Three podcast episodes in three days! My intention here was to get the podcast really rolling up front. I feel like it’s kinda crappy to have a podcast with one episode, and two episodes isn’t much better. So now there are three, which is a comfortable starting place, I think.
Quickly I’d like to let people know: I submitted the podcast to iTunes two days ago. Still waiting on the approval; from what I’ve read it can take between 30 minutes and 3 weeks (!). Hopefully it won’t be too much longer.
Today’s episode talks about some of the mythology that we’ve all accepted about technology – specifically virtual reality, AI, and graphics technology above all else. We sort of expect these things to solve our problems for us, but the truth is that they won’t.
(This episode doesn’t make much mention of fan comments, but I’ll get back to that next episode, promise.)
Everyone seems to have an opinion with regards to the complicated relationship between stories and games. People fight about it often, and they’ve been fighting about it for a long time. There have been numerous academic papers and countless articles written about the subject (just Google the words “ludology” and “narratology”, if you don’t know what I’m referring to). There have also been, perhaps, many more words written about how stupid the entire debate is, or about how the debate is totally solved already, or about how it will never be solved, or about how the debate never even happened in the first place.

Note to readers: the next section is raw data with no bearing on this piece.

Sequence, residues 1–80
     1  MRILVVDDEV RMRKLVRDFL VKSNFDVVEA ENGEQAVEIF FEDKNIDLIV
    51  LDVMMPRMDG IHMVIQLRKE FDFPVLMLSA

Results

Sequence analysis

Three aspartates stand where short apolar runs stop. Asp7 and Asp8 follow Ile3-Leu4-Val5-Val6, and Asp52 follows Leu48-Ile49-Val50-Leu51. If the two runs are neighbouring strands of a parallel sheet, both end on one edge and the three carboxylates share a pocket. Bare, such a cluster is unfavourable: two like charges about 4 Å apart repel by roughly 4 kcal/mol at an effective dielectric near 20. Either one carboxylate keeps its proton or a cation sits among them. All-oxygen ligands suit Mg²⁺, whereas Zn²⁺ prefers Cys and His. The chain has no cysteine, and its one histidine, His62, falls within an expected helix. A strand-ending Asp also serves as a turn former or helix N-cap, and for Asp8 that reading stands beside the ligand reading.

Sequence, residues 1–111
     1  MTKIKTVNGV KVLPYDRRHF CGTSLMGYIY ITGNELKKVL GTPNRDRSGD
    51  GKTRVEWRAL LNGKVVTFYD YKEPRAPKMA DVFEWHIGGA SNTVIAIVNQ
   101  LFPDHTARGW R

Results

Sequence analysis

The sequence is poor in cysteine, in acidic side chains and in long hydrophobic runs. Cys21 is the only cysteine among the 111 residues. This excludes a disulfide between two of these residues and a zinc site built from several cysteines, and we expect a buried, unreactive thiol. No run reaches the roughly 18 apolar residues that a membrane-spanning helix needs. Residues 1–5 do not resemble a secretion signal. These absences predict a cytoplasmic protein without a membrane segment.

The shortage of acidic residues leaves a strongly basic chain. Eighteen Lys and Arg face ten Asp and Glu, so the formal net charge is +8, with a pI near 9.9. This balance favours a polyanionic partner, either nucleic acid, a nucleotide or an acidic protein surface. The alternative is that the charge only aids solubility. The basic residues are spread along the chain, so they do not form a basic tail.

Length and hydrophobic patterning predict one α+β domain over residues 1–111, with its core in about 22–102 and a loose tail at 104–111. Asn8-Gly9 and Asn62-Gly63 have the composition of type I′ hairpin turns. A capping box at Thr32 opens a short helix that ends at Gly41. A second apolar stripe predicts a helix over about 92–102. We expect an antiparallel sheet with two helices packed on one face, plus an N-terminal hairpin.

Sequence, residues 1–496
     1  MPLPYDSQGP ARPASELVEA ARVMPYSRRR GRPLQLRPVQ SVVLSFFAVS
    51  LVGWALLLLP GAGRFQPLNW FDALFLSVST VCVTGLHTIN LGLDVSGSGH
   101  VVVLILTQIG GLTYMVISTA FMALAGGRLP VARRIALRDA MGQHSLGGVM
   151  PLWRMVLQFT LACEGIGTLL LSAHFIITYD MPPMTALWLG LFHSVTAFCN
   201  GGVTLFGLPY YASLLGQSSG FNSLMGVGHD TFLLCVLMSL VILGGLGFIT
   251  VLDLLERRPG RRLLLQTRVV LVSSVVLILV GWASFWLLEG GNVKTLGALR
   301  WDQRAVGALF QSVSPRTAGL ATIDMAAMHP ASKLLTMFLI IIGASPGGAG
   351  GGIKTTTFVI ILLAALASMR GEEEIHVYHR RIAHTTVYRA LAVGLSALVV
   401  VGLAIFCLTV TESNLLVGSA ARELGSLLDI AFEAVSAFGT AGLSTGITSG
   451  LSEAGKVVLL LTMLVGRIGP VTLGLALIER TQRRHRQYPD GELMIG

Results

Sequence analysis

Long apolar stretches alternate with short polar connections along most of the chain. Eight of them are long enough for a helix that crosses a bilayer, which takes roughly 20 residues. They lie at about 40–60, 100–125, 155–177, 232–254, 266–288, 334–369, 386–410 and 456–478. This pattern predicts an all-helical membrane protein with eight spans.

I think there is actually not all that much disagreement on this subject. Almost the entire problem sprouts from the fact that we aren’t understanding each other’s statements. In short: we don’t agree on what “story” means, and we don’t agree on what “game” means, so any statement regarding the two’s relationship is unclear and/or meaningless. Continue reading →
In Part 1, I discussed the cultural and messaging problems involved with portraying the glorification of violence. In this part, I’ll be discussing the mechanical ruleset issues that tend to arise as a result of working with violent themes and settings.
I do not advocate “starting with theme” – you should certainly not start a game design out by saying something like “Three heroic warriors travel into the Grundendo Forest to find the Enchanted Obelisk and destroy the evil villain Sorcerer Johns.” This is not a game design concept, and I think most designers understand that. You’re not only failing to communicate any mechanical, rule-based idea, but you’re also restricting your ability to develop rules by the metaphor. Essentially, it’s working backwards: theme is the metaphor we apply to our rules to help communicate them. Starting a game design with a theme is like starting a novel with painting the cover artwork.
With that said, it’s useful to at least use small, loose bits of theme, especially during a game’s earliest design phases. If you’re like most designers, you probably start with a “genre” of some kind or a specific game – perhaps something like, “it’s like Advance Wars, but _____”, or it’s a “Rogue-like, but _____”. With that as your “base”, you work out from there. If you’re a good designer, you probably do a lot of problem solving, which involves a lot of dramatic changes to those systems, but you still have that original genre or game as a base. Continue reading →